For me, being committed was just another extension of the horror show my life had always been. It was a Saturday morning in 1977 when I blurted out to my family I was gay. By the following Monday morning at 11:30 I was literally dropped off at the Child & Adolescent Unit of the LSPH. No one in my family ever spoke to me again.
It took several years before I was able to put the truth of what had happened to me into any kind of rational realistic perspective, and even now, at 47, I’m not sure the pain surrounding the events leading up to and my time in LSPH will ever stop hurting. The pain might get a bit lighter as the years go by, but I don’t think it will ever go away totally. It’s always been just under the skin. Without even realizing it, the day I walked into that place my life split right in half. The years ahead and to some extent even today I still split my time on this planet into two categories as “before” and “after” LSPH. Whenever remembering something from my past it seems like whatever it might be, it either happened before I was dumped at LSPH, or after I was dumped at LSPH. The memories of what I saw and what I experienced there, the quiet rooms with nothing but a bare floor-no blanket or pillow-just four bare walls, and a steel door with a small wire mesh enclosed window, have never stopped hurting.
The biggest problem for me, beyond the expected such as the medications, the restraining etc. was how the staff exerted their “power.” If they felt you had broken the rules or said something inappropriate they had the power to lock you up in one of the “quiet rooms” until they felt you were “ready” to come out, and they would leave you in there for one hour or an entire night, depending on their critical analysis. Their decisions were so trivial, they might explain the reason they locked you up as one thing, when the truth is it could have been over something as trivial as a patient telling a staff member to fuck off. Who really believes it’s rational to lock a kid up over something verbal? No one was in danger, they would just use those rooms to settle a score, to show who was boss, to make a point. More often than not they were used for something way beyond the word “treatment.”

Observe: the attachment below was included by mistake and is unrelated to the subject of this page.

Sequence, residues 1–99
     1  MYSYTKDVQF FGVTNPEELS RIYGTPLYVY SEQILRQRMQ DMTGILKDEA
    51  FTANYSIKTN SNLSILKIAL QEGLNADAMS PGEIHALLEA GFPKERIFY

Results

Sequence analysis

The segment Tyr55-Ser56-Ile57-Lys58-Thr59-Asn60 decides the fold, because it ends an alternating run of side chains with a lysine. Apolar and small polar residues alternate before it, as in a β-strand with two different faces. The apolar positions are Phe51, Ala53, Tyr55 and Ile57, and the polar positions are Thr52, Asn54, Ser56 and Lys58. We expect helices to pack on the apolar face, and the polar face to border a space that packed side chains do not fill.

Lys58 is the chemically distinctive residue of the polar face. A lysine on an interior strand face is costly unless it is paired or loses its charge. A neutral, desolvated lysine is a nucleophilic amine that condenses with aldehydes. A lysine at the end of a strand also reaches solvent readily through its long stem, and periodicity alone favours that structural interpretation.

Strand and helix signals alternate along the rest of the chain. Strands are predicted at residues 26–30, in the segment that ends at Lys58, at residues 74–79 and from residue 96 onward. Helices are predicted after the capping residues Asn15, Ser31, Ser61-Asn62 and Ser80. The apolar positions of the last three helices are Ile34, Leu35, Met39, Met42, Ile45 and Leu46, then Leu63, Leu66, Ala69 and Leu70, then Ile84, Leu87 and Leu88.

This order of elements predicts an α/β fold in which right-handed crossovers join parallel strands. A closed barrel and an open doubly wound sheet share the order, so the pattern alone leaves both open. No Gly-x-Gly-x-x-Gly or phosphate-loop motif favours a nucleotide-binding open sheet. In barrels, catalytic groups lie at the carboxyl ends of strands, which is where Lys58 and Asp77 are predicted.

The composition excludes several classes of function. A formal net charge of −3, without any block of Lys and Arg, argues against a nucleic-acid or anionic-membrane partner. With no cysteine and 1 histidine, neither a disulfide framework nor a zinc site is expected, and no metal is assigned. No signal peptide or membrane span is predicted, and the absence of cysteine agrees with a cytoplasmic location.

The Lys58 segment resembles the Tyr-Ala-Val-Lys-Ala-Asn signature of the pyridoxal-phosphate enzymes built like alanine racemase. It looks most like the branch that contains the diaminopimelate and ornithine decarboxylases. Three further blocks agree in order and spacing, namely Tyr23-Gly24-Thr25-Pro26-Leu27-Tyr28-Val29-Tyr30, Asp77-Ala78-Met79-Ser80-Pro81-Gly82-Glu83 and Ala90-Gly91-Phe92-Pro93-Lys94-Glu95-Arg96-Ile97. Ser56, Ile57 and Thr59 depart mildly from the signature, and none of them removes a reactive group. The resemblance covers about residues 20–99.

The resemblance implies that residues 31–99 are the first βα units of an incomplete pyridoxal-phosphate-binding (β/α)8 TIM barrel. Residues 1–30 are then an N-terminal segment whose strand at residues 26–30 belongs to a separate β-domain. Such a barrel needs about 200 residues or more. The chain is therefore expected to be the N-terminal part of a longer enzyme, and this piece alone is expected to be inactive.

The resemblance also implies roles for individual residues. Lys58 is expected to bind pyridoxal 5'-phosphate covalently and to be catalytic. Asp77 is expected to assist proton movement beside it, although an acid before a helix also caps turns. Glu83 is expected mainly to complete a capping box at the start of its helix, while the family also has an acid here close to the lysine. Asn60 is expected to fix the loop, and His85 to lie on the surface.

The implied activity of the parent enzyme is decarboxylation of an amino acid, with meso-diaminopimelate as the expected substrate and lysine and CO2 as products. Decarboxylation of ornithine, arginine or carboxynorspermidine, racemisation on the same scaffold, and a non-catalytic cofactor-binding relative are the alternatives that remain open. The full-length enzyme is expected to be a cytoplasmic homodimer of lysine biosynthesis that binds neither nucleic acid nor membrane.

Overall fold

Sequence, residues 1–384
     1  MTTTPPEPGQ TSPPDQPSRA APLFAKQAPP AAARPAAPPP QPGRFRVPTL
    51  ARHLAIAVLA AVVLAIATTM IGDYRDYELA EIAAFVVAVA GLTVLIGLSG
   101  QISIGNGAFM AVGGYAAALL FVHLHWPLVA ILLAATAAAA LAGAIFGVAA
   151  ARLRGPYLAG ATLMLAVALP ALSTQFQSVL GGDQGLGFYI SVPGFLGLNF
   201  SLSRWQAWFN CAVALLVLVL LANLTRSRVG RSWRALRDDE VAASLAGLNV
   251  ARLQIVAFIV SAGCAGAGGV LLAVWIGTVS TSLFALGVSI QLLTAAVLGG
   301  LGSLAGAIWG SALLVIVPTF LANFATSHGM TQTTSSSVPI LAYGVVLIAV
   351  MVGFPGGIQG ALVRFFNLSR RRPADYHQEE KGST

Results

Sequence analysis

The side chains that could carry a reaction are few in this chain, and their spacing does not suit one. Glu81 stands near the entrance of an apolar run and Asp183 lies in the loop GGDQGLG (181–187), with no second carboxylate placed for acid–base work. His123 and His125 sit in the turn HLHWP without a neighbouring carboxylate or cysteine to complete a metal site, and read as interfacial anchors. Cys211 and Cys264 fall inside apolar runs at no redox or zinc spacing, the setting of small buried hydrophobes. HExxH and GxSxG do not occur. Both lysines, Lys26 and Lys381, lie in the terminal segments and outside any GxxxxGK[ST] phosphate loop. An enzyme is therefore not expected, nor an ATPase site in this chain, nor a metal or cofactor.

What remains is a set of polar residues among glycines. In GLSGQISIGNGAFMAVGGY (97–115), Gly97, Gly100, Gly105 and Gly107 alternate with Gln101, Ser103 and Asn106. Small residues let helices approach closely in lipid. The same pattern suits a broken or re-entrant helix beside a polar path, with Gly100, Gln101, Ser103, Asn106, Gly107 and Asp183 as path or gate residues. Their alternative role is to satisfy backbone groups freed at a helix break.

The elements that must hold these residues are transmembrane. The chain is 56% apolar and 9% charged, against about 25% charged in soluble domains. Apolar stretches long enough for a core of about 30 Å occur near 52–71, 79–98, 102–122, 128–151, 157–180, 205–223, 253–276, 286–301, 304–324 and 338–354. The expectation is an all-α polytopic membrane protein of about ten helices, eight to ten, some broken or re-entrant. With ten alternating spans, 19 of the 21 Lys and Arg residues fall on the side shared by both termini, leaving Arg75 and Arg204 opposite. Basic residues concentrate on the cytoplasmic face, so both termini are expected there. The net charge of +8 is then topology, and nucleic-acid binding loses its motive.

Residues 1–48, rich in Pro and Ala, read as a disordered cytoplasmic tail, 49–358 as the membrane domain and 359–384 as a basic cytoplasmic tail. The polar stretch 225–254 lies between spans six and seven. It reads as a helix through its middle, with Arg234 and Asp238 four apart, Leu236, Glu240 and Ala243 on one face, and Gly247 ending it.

Oh yeah, I told a staff member to fuck off in 1977 and found myself sleeping in a cell with no bed or pillows or anything... And because of their cutting edge treatment, to this very day, I have never once told another person to fuck off. I was cured! Miraculous! They were so ahead of their time! (Yes, I’m being sarcastic!)
Everybody who worked so hard to make sure I never got out expected me to die there. Not only did they throw me in the gutter and spit on me, they walked away assuming I would never find my way out.
Well, I did. After a few months I began looking for a way out, I became familiar with the underground tunnels and the daily routines and that knowledge made it possible for me to escape.
I ran away to New York and I never looked back, just kept on running. I promised myself no one would ever catch me again and they never did. I was fourteen, alone on the streets of New York. I knew nobody, I had no money, no friends, I was homeless tired and hungry, but I survived. The most surprising part of my story is the fact that I survived with no skills and with everything against me and I never fell into a life of crime. I mean I did to some extent, I had to survive, but I never stole from people or sold drugs or hurt anyone or anything like that. I imagine that for many people in a situation like that a life of petty crime almost makes sense, but I just couldn’t do it. For all my strength and my determination to make it, when it came to out and out crime I was one hundred percent chickenshit!
I am grateful to you for the time and the dedication you’ve put into creating your site. Seeing the pictures and reading the words was/is painful, but until I did a Google search yesterday I had never even considered looking it up. I don’t know why, perhaps I wasn’t ready, who knows. But it was a part of my life and and to just dismiss it outright would be foolish and emotionally self-destructive, don’t you think so?
The reason I feel I can’t live my life without addressing what happened to me there is because it really was traumatic and to look at it in any other light almost seems delusional because even though some may walk away from an experience like that and think it didn’t affect them, the reality is that even if one has been successful with the way they handled the truth, the first emotion is trauma, no? Personally I have always felt I was only hurting myself if I didn’t somehow someday drag these old memories and feelings about LSPH out and make it right, even if it doesn’t make the pain easier in the end, the process itself can heal, if we let it.
I haven’t spoken or written about my time there with anyone for years. Seeing those pictures brought back a flood of memories, so thank you for helping me in a way you probably didn’t even imagine when you came up with the idea of creating a web site dedicated to a part of so many people’s lives, who went through the same experience.